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Education News

State Education Commissioner Moves To Takeover HISD, Replace Entire Elected School Board

The Texas Education Agency has already posted the application for any HISD resident to apply to join the board of managers. 


Texas Education Commissioner Mike Morath spoke at a luncheon held by the Greater Houston Partnership in September.

The state's education commissioner has notified the Houston Independent School District he’s moving to strip the nine-member board of its elected powers, a move that was widely expected but still marks an unprecedented takeover of the state’s largest school district.

In a Nov. 6 letter to the HISD board president and interim superintendent, Education Commissioner Mike Morath laid out why he's decided to replace the HISD board with outside, appointed managers.

First, he cited the special investigation into board misconduct that found multiple board members violated state rules and intervened in vendor contracts.

He also pointed to the chronic failing grades at Wheatley High School — which had received seven failing grades in a row — and the ongoing, long-term oversight from a state conservator as further evidence for the tough sanction.

In addition, Morath said he's lowering HISD's accreditation status to “warned.”

“Given the inability of the board of trustees to govern the district, these sanctions are necessary to protect the best interests of the district’s current and future students,” Morath wrote.

He added that instead of holding private meetings outside of the state’s required open meetings, the “board members should have focused on implementing effective change to improve the performance of students in the district’s low performing campuses. The board of trustees failed to do so.”

In response, the current Houston school board president, Diana Dávila, said voters have spoken and newly-elected trustees should have a chance to represent the voices of the people.

“I’m a firm believer of democracy no matter the outcome,” Dávila said.

Four of the nine seats on the HISD board were up for election this November. Two newcomers were elected to replace incumbents, Dávila and Sergio Lira, who were both implicated in the special investigation, while two other open races are headed to a run-off, which is expected to continue despite the pending sanction.

In a statement, HISD confirmed they’ve received the enforcement letter from the commissioner.

“We want to assure our students, parents, staff, and community members that our primary focus will continue to be the education and success of our students,” the district wrote.

According to agency rules, HISD will have a chance for a formal review of this sanction before the commissioner’s decision takes effect.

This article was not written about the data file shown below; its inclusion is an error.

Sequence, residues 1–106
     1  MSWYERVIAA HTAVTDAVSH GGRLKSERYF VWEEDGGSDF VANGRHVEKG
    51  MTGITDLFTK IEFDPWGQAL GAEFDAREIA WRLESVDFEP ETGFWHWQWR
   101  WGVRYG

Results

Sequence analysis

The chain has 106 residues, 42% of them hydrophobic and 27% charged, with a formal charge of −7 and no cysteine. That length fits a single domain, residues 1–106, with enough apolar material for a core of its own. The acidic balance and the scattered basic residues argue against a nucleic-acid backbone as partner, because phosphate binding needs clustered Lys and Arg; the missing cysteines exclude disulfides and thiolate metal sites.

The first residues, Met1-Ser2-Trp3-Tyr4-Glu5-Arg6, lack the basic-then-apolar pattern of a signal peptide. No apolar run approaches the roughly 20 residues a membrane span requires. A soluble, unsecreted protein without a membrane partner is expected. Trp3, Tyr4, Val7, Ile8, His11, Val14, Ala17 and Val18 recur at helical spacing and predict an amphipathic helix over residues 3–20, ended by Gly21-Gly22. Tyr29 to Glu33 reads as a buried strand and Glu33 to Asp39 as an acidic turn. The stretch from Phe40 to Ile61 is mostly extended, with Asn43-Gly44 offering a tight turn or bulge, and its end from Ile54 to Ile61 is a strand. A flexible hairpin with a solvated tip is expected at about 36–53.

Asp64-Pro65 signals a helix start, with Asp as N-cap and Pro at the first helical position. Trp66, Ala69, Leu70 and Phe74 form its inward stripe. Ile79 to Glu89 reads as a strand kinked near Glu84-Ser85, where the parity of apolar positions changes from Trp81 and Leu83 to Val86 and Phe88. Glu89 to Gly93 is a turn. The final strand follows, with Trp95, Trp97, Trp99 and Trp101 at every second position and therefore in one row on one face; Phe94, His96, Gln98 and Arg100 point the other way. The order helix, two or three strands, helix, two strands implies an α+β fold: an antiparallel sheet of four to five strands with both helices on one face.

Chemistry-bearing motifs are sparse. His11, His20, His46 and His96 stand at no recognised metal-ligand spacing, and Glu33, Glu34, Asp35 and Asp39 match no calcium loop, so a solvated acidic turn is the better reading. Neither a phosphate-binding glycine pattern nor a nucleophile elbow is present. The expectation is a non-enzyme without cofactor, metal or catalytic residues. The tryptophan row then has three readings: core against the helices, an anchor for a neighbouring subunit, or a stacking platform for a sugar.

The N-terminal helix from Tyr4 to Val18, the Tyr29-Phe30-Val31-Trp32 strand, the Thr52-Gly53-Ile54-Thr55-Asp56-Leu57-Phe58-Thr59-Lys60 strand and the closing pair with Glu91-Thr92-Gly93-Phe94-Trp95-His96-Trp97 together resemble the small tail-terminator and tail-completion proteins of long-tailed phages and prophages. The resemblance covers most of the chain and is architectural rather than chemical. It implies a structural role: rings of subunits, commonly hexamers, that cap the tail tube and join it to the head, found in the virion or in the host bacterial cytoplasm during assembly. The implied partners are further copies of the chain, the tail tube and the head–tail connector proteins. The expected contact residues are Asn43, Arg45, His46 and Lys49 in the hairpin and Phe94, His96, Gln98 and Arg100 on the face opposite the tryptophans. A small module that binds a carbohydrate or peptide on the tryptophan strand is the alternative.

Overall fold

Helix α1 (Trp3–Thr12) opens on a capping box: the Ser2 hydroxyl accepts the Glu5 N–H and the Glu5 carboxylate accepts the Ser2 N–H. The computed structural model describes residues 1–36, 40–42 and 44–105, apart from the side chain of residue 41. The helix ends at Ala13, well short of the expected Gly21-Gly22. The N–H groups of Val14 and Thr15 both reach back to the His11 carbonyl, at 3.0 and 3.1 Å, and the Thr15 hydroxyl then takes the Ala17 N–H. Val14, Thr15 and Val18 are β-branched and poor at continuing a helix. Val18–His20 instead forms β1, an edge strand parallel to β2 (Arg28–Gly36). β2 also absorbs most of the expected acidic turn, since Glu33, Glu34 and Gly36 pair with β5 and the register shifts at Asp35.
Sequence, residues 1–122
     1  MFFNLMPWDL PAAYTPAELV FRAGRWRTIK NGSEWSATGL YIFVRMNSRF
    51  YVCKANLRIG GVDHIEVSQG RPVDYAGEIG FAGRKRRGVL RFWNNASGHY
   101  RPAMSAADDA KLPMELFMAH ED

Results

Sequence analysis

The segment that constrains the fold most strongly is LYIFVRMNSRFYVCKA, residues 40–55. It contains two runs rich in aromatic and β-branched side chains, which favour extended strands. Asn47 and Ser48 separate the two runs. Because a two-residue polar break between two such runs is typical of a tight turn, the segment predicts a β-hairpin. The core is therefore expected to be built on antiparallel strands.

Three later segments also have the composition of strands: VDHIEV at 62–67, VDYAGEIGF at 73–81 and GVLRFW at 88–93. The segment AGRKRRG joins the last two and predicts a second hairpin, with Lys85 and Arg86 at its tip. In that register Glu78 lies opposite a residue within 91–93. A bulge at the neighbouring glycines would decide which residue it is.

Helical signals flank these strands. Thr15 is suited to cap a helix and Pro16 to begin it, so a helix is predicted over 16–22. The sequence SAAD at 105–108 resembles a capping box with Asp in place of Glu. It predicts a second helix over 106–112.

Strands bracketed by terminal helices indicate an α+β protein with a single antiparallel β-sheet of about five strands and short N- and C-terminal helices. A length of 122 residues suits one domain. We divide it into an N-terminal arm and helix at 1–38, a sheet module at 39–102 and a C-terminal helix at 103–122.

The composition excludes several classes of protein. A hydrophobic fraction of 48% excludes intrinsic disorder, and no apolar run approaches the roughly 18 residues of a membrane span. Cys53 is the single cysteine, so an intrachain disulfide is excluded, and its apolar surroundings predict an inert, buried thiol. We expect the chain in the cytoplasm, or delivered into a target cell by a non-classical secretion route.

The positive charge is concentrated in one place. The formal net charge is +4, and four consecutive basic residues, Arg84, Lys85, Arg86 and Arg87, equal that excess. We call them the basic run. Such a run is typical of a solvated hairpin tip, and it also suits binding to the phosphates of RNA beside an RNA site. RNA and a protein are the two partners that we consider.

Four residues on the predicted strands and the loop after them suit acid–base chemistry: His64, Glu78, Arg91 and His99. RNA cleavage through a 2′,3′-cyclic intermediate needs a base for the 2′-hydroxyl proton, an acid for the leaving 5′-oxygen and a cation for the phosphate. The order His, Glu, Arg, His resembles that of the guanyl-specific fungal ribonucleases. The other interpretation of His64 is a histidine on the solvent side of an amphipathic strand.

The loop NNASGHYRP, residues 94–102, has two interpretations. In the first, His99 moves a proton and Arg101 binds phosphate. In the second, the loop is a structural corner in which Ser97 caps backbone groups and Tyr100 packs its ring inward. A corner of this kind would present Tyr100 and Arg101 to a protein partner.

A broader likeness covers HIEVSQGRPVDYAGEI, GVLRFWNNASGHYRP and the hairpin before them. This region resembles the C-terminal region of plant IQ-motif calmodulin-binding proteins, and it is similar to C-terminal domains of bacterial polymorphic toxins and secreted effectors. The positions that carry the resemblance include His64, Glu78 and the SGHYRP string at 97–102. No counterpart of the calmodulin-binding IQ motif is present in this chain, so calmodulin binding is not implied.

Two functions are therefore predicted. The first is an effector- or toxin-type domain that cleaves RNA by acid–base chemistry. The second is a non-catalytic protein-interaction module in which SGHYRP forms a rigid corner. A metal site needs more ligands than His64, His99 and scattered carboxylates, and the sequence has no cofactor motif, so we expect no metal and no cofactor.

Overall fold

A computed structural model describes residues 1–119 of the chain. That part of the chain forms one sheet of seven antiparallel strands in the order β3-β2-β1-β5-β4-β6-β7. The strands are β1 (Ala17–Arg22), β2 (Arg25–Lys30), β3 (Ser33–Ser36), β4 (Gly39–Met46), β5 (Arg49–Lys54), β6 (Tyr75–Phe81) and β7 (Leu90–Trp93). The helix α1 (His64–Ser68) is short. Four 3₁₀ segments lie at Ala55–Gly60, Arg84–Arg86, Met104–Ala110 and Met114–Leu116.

Still, the Texas Education Agency has already posted the application for any HISD resident to apply to join the board of managers.

The threat of a state takeover has loomed over the Houston district for over two years, because a state law can trigger a board of managers if even just one school chronically fails state standards. That threat has grown in the past year, since the HISD board abruptly fired the interim superintendent, Grenita Lathan, last October, which led to the special investigation into board governance.

Some business leaders in the region have actively called for the commissioner to intervene, notably the Greater Houston Partnership.

"A board of managers offers an opportunity to reset the culture of governance at HISD and lift the entire system,” Bob Harvey, the partnership’s president, said in a statement. “We think the board's long-term failure to consistently support every student warrants new leadership. This issue is bigger than any one school, and a temporary board of managers gives HISD the opportunity for a fresh start.”

HISD parent Heather Golden, who manages a parent advocacy group online and has two children enrolled in the district, said it’s unfortunate HISD is in this position and hopes the district can return to a democratically elected board soon. Golden said she hopes an appointed board of managers reflects the diverse Houston community and different stakeholders who make up HISD.

“Ultimately, I want students to have the opportunity to learn and grow in a way that they deserve,” she said.

Others have warned against this measure. Earlier this spring, a group of parents, teachers and elected officials rallied outside of the HISD headquarters to try and keep local control.

“This is a disappointing and sad period in HISD,” said Zeph Capo, president of the Houston Federation of Teachers, in an email.

Capo said what’s lost in the news of the state takeover is that HISD came very close to earning an “A” grade from the state in the latest school report cards.

“Our students and our educators work hard and deserve better than this. Better support from a state who starved our schools for years, better than elected officials more concerned about who sits in the superintendent seat than who sits at the desks in our classrooms,” Capo wrote. “There are more politicians than just the trustees that need to be taken over and held accountable for where we are today.”